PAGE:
Wednesday, November 21, 2012

On the Beauty of Saying Goodnight

Exercising the prerogative that sole proprietorship confers, I hereby decree Thursday to be the middle of this week, and promise (with the almost infinite condescension commensurate with such greatness) to provide a piece of music for you then.  As to the movement of the day, the Europeans and the great GKC himself give us a precedent in any case; as to the music, it may not be very much better by having been waiting for, but at least it will be—which it isn’t now—and existence, they say, is a good thing in and of itself.

But it is still Wednesday today, and something better than Scottesian fluff seems requisite.  What follows may still be fluff, and may even be redolent of Scott; but if it is either, at least it is also something I’ve wanted to write about.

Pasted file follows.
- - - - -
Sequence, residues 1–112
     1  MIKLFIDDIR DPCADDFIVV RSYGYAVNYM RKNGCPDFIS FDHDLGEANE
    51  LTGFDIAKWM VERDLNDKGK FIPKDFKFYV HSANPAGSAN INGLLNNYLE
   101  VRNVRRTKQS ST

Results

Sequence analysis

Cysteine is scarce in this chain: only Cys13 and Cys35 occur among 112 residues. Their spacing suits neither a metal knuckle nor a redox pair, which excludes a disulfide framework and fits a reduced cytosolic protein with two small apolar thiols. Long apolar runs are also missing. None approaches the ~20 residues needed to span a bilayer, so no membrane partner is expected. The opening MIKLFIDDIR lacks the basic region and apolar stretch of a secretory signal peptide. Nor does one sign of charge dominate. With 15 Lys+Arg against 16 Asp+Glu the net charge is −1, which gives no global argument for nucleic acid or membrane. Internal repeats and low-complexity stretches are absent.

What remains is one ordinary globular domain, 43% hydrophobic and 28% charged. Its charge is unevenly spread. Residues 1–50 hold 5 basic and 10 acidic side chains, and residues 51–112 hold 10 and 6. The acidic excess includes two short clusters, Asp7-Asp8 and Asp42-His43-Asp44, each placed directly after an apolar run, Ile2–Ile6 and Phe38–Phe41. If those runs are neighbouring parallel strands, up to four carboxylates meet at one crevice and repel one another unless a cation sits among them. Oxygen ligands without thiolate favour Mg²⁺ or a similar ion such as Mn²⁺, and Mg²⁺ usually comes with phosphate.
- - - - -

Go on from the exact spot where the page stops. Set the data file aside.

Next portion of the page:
There is a whole frightful series of words in the English language that the composition books call “complimentary closes” and which are in plain English ways of saying goodbye.  Many of them are not in English at all—“Adieu” and “Auf weidersehen” and “Ciao,” for example; and even “Pip-pip” and “Toodle-oo” have for the American a foreign ring.  The literal translation is often innocent and inoffensive, and frequently expresses an intention of seeing the other again: “Au revoir” and “Auf weidersehen” and (less formally) “Hasta la vista” and the beauteous, weirdly mellifluous “See yah!”  But the other family in the tribe of farewells bears a more somber expression.  “Adios” is cheery enough, but “Adieu” will always sound like something out of a tear-jerker; and “Goodbye,” though combining two of the best thoughts in the language, has a positively horrifying sound.  There is something dangerously final in the timber of a phrase that wishes heaven’s blessing—God’s presence—on a companion.  “God be with you” is, after all, if taken literally, just what one ought to say at a deathbed.  Perhaps it was for this reason that a priest I know called every goodbye “a little death.”